In an effort to err on the side of caution, many of us approach our bosses, employees and peers with skepticism because we want to be prepared if someone doesn’t follow through on their responsibilities or lets us down in some other way. While some skepticism is reasonable, we must be careful not to let these attitudes slip into mistrust.
Mistrust occurs when we begin to assume others are trying to take advantage of us. For example, a business leader might assume that when employees raise concerns, they are inflating issues to get out of work or to get higher pay. Alternatively, an employee may assume that in assigning them more work, their boss is intentionally overworking them.
The truth could be exactly the opposite. Perhaps the employee is raising concerns to seek expertise from the boss. And maybe the boss is assigning the employee extra work because they believe the employee will do an excellent job.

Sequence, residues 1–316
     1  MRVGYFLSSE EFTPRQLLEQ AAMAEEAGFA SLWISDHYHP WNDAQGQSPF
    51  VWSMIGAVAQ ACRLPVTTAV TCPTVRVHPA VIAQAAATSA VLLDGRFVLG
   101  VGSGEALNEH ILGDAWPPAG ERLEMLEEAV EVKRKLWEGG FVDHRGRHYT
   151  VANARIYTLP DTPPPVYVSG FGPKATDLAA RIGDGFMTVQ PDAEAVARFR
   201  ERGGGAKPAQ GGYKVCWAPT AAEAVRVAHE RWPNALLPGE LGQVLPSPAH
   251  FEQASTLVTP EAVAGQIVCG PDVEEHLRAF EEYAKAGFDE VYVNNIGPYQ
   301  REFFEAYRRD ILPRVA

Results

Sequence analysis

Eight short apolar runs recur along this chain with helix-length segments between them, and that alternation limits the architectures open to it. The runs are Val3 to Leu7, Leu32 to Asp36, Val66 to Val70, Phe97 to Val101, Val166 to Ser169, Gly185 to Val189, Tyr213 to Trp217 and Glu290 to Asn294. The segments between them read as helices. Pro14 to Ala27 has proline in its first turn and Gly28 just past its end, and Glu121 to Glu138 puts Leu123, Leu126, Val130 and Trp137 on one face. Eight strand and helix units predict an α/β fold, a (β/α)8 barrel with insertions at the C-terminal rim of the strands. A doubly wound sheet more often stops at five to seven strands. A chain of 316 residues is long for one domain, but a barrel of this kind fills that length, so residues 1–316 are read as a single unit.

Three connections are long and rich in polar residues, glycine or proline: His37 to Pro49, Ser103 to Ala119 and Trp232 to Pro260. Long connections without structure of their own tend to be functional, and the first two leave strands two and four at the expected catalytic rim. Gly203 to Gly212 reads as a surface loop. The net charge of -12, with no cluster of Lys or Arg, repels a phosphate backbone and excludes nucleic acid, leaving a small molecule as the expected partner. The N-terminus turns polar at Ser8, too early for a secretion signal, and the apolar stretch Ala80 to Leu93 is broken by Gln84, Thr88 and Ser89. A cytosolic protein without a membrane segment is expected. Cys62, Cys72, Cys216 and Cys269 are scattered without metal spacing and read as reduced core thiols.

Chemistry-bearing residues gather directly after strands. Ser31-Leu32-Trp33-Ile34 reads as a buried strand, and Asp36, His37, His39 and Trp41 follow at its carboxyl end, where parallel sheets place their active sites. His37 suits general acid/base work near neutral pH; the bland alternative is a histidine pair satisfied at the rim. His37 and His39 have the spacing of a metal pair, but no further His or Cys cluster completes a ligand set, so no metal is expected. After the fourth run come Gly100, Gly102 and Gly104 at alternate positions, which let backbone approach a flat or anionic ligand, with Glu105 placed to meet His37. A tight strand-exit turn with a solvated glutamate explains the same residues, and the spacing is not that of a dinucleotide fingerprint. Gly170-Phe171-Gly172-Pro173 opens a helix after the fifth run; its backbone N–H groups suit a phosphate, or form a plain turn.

In any such case, if we get it wrong and assume people are selfish and untrustworthy when they are actually being generous, constructive and trustworthy, we are doing them a disservice, insulting them in highly unfair ways—AND sowing the seeds for conflict, antagonism and resentment. Rather than adopting an attitude of mistrust, we must practice real discernment, which often requires us to have open conversations with those around us to get to the truth of the matter.
In this article in strategy+business, People Are More Trustworthy Than You Think, I discuss how to recognize when you are falling into potentially misplaced mistrust, and how to test your assumptions. This is not to say you should default to blind trust, but that your assessment has really high stakes—so it is worth taking the time to check out where others are coming from.
All the best,